When you find a student with postural misalignment in Tadasana, you can usually bet that s/he will have the same misalignment in other asanas. If you do not address the misalignment in Tadasana, you will find it that much more difficult to correct the misalignment in the other asanas. Furthermore, as the asana positions become more complex, one increases the likelihood that the misalignment will aggravate an old injury or cause a new one.
When I work with young children, I ask them if they are ready for a really, really hard asana. If they say “yes,” then I have them stand briefly in Tadasana. I praise them for whatever attempt they made to stay still and tell them that it is a difficult pose for adults to do as well.
Keep this in mind for your classes also. Do not spend too much uninterrupted time working on postural alignment in Tadasana. Instead, weave good alignment points throughout the entire class. Always check first for anything that can cause strain or injury, such as hyperextended knees in a standing pose or a hyperextended neck in a backward bend. Then go back to the basics of proper distribution of the weight on the feet or the angle of the sitzbones.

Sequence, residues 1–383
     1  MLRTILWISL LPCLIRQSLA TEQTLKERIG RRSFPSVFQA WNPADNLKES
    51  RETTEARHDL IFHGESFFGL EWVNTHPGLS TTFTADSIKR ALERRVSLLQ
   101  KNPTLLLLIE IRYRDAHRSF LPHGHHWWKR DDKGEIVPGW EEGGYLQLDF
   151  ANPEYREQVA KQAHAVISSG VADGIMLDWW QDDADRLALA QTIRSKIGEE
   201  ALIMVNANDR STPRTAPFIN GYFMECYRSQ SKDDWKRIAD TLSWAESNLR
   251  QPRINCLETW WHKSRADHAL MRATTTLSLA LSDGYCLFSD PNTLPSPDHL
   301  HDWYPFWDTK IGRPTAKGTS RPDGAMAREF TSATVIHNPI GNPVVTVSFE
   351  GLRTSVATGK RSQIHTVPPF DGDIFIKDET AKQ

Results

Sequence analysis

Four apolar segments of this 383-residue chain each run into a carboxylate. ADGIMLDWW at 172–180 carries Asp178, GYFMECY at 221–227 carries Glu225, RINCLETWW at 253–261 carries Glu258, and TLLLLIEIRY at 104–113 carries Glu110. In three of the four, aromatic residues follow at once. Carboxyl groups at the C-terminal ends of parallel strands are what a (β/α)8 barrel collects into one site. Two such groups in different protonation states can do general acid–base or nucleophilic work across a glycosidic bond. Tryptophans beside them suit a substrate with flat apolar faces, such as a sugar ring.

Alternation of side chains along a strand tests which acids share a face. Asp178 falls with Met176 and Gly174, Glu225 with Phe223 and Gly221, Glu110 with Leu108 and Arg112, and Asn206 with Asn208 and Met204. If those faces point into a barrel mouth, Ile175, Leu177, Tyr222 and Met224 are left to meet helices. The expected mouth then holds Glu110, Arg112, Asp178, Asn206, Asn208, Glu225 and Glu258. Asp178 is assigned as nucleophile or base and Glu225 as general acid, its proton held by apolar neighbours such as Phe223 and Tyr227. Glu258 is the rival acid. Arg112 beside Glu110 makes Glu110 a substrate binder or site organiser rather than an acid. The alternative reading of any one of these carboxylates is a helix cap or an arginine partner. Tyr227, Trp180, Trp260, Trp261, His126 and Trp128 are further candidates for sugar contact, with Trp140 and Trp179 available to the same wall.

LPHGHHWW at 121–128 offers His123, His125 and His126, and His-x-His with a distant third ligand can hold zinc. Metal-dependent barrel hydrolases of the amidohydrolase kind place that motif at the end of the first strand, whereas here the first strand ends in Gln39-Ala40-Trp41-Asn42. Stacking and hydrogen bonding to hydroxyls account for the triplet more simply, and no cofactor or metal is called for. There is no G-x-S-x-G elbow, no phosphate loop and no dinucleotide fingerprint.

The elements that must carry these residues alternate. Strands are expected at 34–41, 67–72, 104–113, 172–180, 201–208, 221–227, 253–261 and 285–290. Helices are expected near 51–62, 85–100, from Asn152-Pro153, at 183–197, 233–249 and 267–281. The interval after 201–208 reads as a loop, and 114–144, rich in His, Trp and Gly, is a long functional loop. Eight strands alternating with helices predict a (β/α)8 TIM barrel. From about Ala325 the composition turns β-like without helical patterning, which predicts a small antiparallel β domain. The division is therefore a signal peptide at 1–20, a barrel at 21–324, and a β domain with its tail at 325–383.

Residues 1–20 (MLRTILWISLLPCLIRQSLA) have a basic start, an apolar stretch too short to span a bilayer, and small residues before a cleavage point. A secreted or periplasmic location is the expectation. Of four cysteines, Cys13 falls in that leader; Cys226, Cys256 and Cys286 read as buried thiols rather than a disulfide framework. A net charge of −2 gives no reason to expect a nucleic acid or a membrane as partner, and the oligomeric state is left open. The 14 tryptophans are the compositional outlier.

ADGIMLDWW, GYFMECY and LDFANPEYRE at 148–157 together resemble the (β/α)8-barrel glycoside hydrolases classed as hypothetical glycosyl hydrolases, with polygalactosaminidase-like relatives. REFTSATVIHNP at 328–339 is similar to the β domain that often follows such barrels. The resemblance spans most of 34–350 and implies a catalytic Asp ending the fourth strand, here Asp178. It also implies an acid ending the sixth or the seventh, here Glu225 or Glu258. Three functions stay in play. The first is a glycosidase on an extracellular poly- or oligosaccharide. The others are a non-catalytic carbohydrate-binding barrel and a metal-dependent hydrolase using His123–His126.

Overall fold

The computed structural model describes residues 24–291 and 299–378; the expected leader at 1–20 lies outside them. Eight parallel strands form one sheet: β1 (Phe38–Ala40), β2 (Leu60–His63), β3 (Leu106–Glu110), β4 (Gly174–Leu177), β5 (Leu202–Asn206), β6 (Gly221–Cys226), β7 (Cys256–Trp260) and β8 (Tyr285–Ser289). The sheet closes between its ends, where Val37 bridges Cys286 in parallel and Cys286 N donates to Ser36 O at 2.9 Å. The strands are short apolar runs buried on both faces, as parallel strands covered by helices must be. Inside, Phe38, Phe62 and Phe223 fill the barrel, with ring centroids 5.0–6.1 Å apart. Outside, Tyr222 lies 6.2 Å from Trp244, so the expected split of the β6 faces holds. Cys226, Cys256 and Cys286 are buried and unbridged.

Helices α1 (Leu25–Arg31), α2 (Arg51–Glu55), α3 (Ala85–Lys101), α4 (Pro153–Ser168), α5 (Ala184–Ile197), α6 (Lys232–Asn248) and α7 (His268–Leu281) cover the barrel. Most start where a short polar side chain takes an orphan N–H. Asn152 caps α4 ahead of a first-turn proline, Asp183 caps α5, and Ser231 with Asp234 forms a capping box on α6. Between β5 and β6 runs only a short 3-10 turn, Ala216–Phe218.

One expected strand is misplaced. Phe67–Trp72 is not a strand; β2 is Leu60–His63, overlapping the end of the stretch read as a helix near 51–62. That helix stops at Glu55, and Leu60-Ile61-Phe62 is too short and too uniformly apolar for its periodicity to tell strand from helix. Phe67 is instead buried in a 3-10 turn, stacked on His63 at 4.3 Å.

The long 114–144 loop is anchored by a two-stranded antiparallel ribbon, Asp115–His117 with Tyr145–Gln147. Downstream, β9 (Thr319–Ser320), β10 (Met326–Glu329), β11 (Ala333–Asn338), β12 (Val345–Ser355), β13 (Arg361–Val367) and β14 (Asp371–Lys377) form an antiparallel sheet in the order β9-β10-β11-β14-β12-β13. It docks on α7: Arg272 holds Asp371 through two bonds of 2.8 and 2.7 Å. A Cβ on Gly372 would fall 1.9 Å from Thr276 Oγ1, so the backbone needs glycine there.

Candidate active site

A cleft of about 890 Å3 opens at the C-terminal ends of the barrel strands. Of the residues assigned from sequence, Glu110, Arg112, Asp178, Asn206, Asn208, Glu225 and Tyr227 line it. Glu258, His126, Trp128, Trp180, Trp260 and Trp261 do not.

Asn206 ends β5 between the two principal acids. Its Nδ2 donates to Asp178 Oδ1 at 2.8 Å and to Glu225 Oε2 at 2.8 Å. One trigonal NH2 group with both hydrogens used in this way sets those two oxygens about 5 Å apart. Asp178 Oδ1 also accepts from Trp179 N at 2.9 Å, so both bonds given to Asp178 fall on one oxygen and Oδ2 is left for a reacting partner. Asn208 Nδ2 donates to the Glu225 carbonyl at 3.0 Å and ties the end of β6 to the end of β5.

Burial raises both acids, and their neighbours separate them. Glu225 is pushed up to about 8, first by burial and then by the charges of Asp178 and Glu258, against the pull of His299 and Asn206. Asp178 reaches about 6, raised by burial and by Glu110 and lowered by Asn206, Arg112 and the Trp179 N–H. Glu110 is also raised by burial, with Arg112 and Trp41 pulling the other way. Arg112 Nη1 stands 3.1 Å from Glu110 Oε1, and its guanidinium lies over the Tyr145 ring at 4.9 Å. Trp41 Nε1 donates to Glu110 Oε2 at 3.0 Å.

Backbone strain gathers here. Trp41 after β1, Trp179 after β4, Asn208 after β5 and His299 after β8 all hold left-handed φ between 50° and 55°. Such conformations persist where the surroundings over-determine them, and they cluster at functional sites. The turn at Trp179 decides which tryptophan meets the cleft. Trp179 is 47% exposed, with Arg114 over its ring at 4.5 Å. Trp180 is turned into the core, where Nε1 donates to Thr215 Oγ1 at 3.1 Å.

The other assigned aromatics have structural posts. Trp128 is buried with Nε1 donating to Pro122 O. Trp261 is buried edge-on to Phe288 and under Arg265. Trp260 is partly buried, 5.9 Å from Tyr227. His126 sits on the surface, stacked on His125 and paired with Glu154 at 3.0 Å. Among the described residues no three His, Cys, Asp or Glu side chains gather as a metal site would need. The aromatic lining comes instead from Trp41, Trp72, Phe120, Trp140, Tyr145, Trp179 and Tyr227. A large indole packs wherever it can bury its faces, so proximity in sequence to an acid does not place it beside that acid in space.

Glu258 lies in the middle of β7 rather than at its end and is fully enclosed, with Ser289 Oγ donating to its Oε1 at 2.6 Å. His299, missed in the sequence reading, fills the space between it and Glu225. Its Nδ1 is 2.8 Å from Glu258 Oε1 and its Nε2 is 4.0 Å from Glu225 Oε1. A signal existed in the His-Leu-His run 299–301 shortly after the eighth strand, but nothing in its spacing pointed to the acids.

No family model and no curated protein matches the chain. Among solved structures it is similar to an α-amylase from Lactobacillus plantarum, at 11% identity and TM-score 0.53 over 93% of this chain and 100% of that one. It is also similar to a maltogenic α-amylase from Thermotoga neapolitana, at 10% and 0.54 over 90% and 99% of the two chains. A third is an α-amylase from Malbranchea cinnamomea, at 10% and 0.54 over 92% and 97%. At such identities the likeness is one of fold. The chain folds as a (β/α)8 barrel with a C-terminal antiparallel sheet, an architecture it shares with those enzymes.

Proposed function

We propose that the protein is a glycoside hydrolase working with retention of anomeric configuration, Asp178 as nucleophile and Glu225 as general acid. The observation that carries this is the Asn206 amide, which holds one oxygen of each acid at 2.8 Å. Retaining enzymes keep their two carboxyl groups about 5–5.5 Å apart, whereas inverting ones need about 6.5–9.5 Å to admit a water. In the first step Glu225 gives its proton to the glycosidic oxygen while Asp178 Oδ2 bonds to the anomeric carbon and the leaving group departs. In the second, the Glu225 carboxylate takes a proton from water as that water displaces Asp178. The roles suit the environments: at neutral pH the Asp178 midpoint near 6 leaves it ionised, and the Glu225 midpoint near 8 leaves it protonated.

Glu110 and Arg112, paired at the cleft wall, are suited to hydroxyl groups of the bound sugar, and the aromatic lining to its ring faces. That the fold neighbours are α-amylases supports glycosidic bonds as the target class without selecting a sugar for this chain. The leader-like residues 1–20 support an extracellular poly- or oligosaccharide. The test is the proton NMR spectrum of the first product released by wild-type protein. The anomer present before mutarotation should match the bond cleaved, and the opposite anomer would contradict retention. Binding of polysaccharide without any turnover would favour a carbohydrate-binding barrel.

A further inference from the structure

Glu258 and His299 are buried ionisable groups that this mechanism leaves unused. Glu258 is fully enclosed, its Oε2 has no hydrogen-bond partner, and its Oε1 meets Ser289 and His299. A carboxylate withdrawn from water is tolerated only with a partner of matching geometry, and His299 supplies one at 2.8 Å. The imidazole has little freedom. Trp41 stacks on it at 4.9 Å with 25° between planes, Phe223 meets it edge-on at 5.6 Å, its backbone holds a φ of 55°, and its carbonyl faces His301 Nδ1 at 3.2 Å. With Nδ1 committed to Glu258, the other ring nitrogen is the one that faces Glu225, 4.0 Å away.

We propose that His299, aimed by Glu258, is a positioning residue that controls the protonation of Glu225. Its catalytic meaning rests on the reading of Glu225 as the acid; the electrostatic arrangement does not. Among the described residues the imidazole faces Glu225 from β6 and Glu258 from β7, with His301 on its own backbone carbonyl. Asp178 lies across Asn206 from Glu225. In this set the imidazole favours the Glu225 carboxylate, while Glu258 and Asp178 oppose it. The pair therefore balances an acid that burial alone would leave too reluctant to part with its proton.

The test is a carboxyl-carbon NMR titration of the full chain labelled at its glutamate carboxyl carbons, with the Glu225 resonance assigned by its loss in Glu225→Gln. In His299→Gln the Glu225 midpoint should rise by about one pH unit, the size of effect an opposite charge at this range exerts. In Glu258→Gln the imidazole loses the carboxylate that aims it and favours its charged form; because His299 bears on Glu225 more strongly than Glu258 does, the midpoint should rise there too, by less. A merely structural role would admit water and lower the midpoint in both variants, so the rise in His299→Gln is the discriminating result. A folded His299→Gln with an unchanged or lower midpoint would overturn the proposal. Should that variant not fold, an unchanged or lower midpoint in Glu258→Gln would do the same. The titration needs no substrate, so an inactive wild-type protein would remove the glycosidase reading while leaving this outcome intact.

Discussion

Final Tips on Teaching Correct Posture
The more familiar you become with the human skeleton and how it looks when placed in various positions, the more you will be able to fine-tune alignment. Learn to have x-ray eyes to figure out how a student’s skeletal frame is lining up underneath all the layers of clothes and varying shapes of muscles and fat.
Once you get a feel for the bony alignment, go a little deeper and become aware of tension and relaxation in your students. You may be able to get your student’s bones to align properly, but if you still are observing tension, then you need to work on suggesting ways to release the muscular tension. Often the slightest touch and/or mention of releasing or relaxing will produce the desired results.